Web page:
Solid advice but the ONLY time I ever use the delete command is to clear test database tables. I never use delete in production - everything is a log and if the user doesn't want to see it anymore a flag is set on the record.
I was getting burned too often by people who would blame me for bad data.
Every item and every change is logged and nothing is ever deleted.
Agreed, solid advice, but cloud storage (my company is in Azure now) makes soft deletes expensive. What we've started doing is setting soft deletes on large blobs, then purging those older than 90 days every month or so; if they don't notice it in 90 days, then YAGNI
If get in the habit of putting all your statements inside a transaction, then if you realize you made a mistake you can roll it back without affecting the table.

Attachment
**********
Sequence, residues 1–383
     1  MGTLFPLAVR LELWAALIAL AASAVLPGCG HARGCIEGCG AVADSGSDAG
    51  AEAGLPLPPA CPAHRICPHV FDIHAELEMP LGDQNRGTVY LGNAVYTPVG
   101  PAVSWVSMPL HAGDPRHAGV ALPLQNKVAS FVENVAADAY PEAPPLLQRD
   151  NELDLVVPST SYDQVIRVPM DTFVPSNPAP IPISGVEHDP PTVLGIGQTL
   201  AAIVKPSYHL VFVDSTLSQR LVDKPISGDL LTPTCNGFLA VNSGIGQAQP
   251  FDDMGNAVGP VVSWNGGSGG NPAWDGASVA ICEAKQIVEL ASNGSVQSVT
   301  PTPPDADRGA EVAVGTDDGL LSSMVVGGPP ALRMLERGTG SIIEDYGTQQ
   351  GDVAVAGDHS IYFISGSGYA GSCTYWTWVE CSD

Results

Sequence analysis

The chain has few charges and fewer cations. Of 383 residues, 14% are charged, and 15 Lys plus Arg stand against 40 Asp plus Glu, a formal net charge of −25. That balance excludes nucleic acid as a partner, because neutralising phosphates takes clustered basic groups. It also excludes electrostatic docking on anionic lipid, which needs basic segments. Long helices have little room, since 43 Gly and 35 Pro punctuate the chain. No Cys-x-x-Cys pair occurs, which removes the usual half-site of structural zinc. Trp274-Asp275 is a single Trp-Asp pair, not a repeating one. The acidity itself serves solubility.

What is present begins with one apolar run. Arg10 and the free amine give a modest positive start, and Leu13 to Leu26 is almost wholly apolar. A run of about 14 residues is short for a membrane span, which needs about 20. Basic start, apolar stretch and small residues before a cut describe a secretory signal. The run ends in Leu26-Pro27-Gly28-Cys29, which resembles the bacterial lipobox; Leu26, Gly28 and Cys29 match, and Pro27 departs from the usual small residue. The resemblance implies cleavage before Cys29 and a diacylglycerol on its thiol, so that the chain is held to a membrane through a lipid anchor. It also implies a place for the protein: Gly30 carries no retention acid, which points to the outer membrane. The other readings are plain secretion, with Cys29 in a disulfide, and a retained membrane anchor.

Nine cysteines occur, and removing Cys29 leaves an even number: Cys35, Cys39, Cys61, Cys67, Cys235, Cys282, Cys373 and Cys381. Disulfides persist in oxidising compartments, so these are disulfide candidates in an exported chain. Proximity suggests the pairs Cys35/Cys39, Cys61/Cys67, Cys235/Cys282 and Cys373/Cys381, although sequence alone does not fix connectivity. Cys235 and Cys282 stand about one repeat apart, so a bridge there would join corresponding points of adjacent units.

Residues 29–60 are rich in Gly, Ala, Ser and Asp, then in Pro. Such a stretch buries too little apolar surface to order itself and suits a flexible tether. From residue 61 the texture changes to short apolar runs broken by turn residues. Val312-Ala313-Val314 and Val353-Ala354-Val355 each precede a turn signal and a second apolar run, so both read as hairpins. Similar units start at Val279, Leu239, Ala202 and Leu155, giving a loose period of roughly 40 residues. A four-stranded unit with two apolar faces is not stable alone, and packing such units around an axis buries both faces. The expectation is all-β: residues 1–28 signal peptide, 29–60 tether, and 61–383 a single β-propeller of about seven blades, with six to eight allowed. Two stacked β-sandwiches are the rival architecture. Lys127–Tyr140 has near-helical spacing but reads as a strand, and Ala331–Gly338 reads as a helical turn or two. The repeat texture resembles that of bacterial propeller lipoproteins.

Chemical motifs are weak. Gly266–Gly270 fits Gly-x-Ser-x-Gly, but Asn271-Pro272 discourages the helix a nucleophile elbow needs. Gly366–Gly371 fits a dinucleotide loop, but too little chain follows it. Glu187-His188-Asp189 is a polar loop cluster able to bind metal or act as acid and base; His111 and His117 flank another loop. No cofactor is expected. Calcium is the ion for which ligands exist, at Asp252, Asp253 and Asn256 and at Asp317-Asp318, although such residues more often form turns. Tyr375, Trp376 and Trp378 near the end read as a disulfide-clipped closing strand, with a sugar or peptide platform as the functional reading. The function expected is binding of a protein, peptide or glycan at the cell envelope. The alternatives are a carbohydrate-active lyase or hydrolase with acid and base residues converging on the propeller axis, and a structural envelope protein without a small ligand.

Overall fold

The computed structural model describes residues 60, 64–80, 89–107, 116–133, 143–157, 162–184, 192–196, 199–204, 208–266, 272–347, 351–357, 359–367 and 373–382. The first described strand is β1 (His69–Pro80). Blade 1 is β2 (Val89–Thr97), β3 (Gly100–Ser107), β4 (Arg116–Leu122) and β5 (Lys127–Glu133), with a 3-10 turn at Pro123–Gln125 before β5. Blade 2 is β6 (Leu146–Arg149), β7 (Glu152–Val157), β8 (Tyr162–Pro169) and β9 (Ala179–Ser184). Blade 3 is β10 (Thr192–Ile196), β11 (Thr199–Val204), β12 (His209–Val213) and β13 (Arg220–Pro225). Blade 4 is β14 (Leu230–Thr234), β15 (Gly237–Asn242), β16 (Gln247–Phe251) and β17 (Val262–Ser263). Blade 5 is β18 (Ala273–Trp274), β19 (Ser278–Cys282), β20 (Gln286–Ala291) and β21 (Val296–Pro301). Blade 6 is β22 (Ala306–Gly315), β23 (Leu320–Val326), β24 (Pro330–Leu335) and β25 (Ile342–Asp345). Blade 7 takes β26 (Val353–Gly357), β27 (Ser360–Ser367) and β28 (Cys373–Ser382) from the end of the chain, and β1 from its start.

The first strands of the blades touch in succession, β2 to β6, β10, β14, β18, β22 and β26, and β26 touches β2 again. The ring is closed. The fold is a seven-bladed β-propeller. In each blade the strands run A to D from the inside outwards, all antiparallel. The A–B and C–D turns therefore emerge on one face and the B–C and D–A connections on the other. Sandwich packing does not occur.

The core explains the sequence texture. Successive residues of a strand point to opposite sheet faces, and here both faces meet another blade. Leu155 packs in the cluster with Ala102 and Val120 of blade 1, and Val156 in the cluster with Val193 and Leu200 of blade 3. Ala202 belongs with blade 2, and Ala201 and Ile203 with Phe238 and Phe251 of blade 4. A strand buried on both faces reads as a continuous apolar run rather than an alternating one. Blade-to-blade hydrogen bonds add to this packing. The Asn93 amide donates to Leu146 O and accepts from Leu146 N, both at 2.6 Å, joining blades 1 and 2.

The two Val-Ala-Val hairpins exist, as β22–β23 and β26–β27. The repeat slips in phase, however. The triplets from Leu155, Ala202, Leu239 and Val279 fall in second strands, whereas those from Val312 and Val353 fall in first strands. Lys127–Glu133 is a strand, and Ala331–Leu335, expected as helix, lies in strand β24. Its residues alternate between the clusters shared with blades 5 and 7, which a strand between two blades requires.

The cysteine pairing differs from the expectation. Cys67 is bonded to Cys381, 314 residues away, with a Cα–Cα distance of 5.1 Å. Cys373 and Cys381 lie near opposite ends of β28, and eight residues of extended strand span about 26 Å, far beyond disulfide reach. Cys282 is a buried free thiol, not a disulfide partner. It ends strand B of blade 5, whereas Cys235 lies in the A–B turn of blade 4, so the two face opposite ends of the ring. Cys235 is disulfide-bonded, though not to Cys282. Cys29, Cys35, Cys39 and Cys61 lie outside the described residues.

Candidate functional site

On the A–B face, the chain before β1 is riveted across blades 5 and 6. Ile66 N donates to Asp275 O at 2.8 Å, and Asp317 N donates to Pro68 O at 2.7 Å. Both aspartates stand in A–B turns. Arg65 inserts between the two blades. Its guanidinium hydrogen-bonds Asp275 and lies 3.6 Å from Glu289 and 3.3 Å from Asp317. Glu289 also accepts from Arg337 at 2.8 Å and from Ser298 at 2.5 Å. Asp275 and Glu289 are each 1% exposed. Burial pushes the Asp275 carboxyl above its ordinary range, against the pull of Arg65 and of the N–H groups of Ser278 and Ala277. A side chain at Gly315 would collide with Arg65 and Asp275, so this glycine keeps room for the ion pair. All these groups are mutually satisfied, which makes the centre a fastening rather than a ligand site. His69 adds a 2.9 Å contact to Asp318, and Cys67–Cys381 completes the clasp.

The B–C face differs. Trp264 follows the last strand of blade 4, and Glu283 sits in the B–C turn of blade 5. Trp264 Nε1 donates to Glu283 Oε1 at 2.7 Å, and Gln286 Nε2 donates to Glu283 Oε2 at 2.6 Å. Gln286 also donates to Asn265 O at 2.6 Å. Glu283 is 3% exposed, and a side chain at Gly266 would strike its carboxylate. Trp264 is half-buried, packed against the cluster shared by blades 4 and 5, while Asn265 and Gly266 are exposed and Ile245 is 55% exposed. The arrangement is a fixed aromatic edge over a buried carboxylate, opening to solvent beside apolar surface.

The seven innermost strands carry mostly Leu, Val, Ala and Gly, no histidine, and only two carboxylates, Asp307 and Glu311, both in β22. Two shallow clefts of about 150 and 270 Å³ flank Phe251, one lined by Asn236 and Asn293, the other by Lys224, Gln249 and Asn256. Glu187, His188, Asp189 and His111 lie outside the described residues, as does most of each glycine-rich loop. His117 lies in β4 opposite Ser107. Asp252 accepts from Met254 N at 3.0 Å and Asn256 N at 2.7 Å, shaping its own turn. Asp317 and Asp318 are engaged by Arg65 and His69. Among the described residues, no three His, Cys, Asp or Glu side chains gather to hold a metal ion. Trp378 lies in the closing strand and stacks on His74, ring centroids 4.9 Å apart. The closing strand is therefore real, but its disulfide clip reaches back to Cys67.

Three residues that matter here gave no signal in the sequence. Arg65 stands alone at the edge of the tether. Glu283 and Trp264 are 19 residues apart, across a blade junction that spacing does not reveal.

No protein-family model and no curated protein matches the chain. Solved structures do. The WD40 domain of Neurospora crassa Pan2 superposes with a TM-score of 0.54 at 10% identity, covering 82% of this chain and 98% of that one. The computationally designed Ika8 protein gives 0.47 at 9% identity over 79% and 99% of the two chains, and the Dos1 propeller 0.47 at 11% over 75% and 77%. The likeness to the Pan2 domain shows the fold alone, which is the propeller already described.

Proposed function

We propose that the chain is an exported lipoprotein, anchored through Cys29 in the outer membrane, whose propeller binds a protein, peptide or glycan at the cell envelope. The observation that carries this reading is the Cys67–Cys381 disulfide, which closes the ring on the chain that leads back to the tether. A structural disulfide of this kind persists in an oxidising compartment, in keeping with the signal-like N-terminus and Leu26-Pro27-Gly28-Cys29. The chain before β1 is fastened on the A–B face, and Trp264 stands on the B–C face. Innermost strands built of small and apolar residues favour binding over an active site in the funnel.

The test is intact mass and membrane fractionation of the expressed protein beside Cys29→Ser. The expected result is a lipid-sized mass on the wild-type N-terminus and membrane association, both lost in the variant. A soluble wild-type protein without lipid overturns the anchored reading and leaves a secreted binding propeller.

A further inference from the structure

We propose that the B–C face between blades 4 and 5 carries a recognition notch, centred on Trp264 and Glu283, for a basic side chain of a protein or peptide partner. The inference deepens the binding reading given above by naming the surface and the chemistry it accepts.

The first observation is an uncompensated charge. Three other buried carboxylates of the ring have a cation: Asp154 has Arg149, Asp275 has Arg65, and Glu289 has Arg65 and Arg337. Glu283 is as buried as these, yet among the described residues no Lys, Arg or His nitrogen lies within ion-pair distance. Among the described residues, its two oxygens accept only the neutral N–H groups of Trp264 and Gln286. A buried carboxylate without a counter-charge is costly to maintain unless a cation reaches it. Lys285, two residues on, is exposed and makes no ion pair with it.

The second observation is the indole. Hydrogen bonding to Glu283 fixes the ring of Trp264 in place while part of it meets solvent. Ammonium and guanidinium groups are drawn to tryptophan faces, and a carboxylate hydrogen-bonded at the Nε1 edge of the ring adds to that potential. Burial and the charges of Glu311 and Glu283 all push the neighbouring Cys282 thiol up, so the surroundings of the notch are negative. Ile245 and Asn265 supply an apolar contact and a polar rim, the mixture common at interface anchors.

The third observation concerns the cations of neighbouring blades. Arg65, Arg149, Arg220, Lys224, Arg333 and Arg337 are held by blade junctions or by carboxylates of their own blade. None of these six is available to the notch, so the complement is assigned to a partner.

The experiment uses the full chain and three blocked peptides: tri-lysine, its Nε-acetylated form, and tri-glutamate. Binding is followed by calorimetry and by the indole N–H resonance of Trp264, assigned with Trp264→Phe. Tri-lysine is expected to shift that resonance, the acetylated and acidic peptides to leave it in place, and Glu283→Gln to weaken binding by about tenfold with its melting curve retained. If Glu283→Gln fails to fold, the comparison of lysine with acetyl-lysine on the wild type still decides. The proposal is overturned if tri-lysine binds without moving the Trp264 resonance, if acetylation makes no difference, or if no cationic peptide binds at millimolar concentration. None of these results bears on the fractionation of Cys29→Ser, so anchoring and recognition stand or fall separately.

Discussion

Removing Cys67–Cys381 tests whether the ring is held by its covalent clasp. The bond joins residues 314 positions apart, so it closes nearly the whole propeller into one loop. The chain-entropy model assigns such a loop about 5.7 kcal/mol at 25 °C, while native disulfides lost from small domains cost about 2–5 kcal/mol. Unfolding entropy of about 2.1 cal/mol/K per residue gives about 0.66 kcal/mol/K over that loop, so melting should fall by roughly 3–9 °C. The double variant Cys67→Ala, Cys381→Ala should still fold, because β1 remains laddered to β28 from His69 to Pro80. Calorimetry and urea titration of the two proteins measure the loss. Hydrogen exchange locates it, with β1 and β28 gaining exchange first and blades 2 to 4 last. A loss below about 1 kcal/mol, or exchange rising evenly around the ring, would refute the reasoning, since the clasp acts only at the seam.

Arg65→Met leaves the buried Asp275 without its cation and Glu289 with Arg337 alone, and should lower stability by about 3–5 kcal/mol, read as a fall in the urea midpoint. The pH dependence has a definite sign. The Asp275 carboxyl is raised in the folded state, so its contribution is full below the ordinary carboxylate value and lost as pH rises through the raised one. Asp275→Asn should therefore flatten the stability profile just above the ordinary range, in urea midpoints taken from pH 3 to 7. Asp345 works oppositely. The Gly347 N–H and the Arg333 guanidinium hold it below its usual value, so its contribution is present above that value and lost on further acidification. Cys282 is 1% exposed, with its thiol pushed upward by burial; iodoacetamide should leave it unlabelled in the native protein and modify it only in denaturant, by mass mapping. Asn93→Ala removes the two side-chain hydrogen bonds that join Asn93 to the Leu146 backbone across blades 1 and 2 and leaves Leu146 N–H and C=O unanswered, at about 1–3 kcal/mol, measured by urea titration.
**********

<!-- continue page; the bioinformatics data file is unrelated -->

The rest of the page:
Of course, you have to remember to commit the transaction in a timely manner, otherwise the table remains locked.
If your actions inspire others to dream more, learn more, do more and become more, you are a leader.-John Q. Adams You must accept one of two basic premises: Either we are alone in the universe, or we are not alone in the universe. And either way, the implications are staggering.-Wernher von Braun Only two things are infinite, the universe and human stupidity, and I'm not sure about the former.-Albert Einstein
I'm not sure, but it may depend on the driver. We use the Jet4 oledb driver for Access and it is quite happy to delete with or without the *. Our apps run can use either SQL Server or Access for the backend, and Delete operations don't require any special handling. (aside from date delimiters) Basically, if it works in Access, it will work in SQL Server, but not always the other way around.